A puppy-buyer's guide to getting a new dogby Sally Blundell
Just saying “oh, how adorable” is not all you need to do before taking on a new dog.
• Consider adopting rather than buying. A large number of healthy puppies and dogs need a home.
• Don’t support puppy farms. Even if you feel sorry for the puppy (and you will), supporting unethical breeders will only encourage more.
• Visit the breeding facility. It should be clean, and the puppy should have the opportunity to mix with animals and people and be fed adequate amounts of nutritious food.
• Puppies must be at least eight weeks old before they are released to their new owners. For smaller-breed puppies, 10 weeks is preferred.
• Puppies must be in good health. A responsible breeder will have had them checked by a veterinarian for any congenital defects, and puppies should be on regular parasite control and vaccination programmes.
• Don’t support breeders who produce puppies with severely exaggerated features, such as short skulls and excessive skin, that may compromise welfare. If you’re buying a dog with such features, choose a breeder who is trying to breed away from these features.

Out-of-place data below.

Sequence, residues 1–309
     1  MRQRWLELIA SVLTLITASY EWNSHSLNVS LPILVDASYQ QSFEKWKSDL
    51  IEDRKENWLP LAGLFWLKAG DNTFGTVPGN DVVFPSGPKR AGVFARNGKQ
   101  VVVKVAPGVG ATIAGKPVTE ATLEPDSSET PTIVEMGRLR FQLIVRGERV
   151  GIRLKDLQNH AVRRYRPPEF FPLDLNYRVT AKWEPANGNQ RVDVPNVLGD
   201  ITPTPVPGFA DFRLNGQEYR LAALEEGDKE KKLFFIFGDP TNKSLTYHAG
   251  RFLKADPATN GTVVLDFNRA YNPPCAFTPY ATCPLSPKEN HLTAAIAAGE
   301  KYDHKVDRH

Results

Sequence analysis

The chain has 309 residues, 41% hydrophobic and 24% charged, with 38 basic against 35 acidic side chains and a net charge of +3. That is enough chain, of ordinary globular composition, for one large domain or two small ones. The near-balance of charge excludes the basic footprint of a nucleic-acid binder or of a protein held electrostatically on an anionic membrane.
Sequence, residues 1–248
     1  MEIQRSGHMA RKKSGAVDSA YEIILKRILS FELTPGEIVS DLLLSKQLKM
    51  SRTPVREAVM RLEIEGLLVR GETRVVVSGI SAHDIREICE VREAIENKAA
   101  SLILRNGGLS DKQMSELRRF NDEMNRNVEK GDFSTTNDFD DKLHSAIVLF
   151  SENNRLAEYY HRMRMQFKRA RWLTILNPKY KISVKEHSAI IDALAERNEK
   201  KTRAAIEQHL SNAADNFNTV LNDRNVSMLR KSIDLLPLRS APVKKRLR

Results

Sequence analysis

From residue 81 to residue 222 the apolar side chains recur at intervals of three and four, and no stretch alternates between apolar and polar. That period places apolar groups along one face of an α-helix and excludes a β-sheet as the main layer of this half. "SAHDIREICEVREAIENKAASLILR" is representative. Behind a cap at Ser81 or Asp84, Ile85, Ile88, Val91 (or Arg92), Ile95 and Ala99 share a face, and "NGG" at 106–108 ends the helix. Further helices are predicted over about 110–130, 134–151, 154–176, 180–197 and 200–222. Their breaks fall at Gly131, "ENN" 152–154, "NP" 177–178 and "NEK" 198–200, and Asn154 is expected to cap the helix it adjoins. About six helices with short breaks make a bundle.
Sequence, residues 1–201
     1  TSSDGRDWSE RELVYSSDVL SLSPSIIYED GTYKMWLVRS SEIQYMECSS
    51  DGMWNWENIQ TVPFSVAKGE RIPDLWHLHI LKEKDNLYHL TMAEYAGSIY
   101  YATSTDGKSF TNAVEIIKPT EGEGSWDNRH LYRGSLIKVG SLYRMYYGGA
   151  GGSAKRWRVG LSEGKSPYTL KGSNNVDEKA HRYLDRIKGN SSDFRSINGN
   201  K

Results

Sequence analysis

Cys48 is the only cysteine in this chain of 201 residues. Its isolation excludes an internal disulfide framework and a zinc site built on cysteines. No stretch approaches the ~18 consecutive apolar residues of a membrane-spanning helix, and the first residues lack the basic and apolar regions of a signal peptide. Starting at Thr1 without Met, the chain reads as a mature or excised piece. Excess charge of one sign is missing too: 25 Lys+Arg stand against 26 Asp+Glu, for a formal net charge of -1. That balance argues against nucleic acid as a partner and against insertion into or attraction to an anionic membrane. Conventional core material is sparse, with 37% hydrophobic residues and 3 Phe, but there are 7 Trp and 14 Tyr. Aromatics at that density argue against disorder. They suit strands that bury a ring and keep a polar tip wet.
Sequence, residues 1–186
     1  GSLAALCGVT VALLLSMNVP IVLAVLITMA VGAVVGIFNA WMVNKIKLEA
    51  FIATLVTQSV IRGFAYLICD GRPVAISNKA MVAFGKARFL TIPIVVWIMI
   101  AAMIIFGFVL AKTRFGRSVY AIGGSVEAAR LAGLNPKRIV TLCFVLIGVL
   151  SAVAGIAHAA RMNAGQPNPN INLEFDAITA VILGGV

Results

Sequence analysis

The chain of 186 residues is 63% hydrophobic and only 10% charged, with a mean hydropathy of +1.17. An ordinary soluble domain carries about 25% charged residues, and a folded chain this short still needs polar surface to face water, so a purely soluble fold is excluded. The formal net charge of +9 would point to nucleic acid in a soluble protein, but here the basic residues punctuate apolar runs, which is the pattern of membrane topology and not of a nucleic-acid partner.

• Ask about the health history of the parents – be wary if they have needed correctional surgery to enable them to breathe comfortably, correct eyelid issues or walk normally.
• Support breeders who are members of Dogs NZ and participate in their screening programmes.
• Avoid buying puppies produced from mating closely related dogs.
• Only source puppies from bitches who were between one and six years old when they were mated.
• Don’t support breeders who subject their bitches to more than two caesarean sections.
This article was first published in the January 13, 2018 issue of the New Zealand Listener.
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